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School of Medicine
When 10-year-old Tracie holds up her Beads of Courage, the necklace is taller than she is. She points to the colorful beads, explaining each one’s meaning. “Red is for transfusions, white is for chemo, black is for shots, blue is for clinic visits.” She’s most proud of the beads shaped like the face of a woman with thick, wavy hair. “I got these for losing my hair,” Tracie says. There are three of them on the chain.
One thing Tracie has never lost in her battle with Non-Hodgkins Lymphoma is her infectious smile. She loves to wears bright colors —a purple shirt, blue nail polish—that compliment the warmth and liveliness of her personality. She started her Beads of Courage necklace when she was nine years old and was first diagnosed with cancer. Then her family—her father Tracy; her mother Natalie; her little sister Jordan; and her older sister, also named Natalie—lived in California. They are a military family and had moved often. Tracie was still undergoing treatment when they were informed of another relocation. They chose Maryland. “We knew of the reputation of Johns Hopkins,” her father Tracy explains. “It’s where we wanted to be.”
The family is close-knit, radiating affection. They jump in to finish each other’s sentences, often breaking into laughter. Tracie’s illness has led to several stays on the Hopkins in-patient ward. When she is asked what she liked least about being in the hospital, her older sister Natalie breaks in. “She loves being in the hospital. She never wants to come home.” Giggling, Tracie admits it’s true. She likes the playroom on the floor and the games the child-life workers organize. One nurse warned her that if she played any more Harry Potter games, she would end up at Hogwarts! But ultimately Tracie regrets keeping her family apart. The best times are when they are all together again.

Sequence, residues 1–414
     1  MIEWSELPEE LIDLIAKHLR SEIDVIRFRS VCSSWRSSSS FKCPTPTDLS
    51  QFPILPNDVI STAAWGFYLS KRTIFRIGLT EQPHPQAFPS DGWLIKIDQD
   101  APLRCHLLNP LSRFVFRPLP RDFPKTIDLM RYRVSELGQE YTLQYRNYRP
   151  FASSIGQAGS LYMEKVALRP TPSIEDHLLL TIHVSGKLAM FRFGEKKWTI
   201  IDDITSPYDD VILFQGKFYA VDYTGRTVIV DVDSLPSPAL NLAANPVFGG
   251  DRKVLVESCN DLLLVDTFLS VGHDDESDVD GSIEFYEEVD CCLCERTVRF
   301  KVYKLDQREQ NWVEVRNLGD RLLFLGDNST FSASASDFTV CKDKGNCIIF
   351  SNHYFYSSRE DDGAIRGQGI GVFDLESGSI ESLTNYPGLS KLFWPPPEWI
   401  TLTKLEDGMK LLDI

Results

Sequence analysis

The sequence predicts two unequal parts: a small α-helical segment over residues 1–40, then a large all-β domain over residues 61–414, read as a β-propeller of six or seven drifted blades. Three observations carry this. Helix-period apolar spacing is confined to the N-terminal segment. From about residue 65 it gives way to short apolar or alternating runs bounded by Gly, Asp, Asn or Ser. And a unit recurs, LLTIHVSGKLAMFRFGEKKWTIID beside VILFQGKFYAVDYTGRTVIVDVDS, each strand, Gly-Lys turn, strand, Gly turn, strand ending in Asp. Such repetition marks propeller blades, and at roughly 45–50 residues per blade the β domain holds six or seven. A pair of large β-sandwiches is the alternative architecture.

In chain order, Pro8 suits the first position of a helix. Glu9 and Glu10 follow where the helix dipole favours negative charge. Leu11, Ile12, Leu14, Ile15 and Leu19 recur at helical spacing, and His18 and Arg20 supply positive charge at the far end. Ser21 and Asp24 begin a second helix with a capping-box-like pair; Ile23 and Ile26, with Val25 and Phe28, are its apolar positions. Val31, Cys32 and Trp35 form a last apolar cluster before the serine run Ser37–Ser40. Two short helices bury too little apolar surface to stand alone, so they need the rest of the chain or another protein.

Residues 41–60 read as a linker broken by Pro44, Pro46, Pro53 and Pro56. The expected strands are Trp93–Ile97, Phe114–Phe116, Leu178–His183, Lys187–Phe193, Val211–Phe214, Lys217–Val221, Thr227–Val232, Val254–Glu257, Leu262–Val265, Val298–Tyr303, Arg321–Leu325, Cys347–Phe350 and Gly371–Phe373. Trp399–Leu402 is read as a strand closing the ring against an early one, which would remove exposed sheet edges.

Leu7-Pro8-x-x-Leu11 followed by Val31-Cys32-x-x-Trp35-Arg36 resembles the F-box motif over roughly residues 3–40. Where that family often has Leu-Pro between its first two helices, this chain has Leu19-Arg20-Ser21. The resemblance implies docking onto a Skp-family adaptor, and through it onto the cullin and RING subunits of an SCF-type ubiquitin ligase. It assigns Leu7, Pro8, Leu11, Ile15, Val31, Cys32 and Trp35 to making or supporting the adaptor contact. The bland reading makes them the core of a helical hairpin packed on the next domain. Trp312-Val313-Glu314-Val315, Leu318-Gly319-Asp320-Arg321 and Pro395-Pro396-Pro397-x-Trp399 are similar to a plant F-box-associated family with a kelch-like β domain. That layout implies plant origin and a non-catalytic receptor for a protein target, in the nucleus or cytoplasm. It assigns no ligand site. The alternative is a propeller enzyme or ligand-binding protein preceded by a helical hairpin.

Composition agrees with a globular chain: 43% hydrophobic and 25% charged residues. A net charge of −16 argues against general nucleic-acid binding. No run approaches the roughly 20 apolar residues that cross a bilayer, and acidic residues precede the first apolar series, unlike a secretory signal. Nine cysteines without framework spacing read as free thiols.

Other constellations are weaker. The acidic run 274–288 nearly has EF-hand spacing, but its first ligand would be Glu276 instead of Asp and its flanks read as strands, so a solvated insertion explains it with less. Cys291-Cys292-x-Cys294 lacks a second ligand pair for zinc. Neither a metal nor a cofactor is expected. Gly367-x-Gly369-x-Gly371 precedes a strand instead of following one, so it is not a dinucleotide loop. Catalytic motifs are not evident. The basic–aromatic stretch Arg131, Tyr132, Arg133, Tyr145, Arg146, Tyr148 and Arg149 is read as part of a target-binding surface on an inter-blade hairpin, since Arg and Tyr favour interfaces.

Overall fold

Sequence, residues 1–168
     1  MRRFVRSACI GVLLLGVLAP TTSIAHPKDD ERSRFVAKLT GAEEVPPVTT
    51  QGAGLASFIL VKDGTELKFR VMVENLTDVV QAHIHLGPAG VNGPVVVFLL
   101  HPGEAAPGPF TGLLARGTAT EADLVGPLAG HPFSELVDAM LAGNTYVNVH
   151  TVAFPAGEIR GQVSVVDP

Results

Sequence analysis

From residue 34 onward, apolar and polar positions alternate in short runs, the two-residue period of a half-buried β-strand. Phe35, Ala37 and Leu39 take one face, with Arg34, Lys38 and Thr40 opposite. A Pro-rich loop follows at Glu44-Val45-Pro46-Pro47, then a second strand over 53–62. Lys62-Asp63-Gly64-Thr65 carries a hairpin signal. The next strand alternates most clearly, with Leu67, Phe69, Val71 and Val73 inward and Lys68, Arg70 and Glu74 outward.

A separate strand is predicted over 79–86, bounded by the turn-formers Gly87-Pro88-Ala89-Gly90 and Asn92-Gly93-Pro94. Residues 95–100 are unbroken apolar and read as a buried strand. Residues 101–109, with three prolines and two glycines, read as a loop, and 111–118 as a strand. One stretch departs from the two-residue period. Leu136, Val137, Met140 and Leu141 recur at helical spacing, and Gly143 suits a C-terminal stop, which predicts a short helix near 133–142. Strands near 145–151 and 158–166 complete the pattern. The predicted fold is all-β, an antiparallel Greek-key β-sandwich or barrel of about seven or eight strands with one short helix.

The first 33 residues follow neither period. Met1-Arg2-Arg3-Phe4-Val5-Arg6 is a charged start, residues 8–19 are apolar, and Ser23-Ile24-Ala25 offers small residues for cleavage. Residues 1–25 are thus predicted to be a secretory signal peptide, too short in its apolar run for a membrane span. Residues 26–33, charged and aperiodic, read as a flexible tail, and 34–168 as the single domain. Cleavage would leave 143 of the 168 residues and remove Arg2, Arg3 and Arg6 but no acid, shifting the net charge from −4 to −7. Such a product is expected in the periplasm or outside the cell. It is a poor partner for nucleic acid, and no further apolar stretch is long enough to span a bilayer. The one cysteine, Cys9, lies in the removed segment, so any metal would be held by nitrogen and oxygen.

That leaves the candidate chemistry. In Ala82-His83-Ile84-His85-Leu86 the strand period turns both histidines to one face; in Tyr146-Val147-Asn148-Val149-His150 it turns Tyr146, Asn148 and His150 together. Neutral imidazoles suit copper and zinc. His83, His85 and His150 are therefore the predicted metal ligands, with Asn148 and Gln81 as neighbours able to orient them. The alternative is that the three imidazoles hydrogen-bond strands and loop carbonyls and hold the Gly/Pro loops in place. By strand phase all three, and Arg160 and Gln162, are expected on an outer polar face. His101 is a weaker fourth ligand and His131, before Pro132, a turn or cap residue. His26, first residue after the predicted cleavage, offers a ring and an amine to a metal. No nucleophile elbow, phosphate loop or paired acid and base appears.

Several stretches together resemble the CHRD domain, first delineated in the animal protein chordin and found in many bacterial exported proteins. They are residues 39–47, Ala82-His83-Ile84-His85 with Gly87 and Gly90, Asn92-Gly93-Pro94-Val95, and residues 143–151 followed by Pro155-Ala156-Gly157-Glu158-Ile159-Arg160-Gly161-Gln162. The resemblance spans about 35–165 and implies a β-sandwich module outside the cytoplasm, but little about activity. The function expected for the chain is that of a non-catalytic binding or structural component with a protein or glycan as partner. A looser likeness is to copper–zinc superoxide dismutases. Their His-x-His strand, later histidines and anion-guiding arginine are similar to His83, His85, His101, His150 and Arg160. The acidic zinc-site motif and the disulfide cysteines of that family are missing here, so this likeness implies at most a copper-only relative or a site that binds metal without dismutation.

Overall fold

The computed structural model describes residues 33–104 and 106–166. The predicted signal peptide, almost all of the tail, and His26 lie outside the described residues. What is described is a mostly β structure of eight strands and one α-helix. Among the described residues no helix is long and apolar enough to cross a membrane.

Cancer patients are often advised to “keep a positive attitude.” Optimism comes naturally to Tracie. Now in the fifth grade, she has made friends in her new Maryland school. The adjustment, her mother Natalie says, wasn’t always easy. The students got to know Tracie as a child with cancer first. It took them a while to think of her just as “Tracie.” “They still have some questions,” Tracie says, “but I can work on answering them.” She has easily adapted to her role as a leader, and is comfortable as a spokesperson. She wrote about her illness for the Hopkins pediatric oncology newsletter, and is proud to be a Patient Ambassador, raising awareness of childhood cancer everywhere.
“You can do anything when you have cancer,” Tracie says. “Well,” she admits with a mischievous grin, “there are some restrictions. But you can get around them.” Tracie is busy these days acting in the school play. She likes to swim, loves to sing, and enjoys reading, especially series like Lemony Snicket. This summer she plans to return to Camp Sunrise, where she will make new friends and reconnect with old. When she grows up, she wants to become a veterinarian, but not just any kind. Tracie will take care of animals with cancer. Johns Hopkins Hospital, she says, is like her second home. Her mother agrees. The family has made a wonderful transition to Johns Hopkins. As long as Tracie needs it, Hopkins will be there.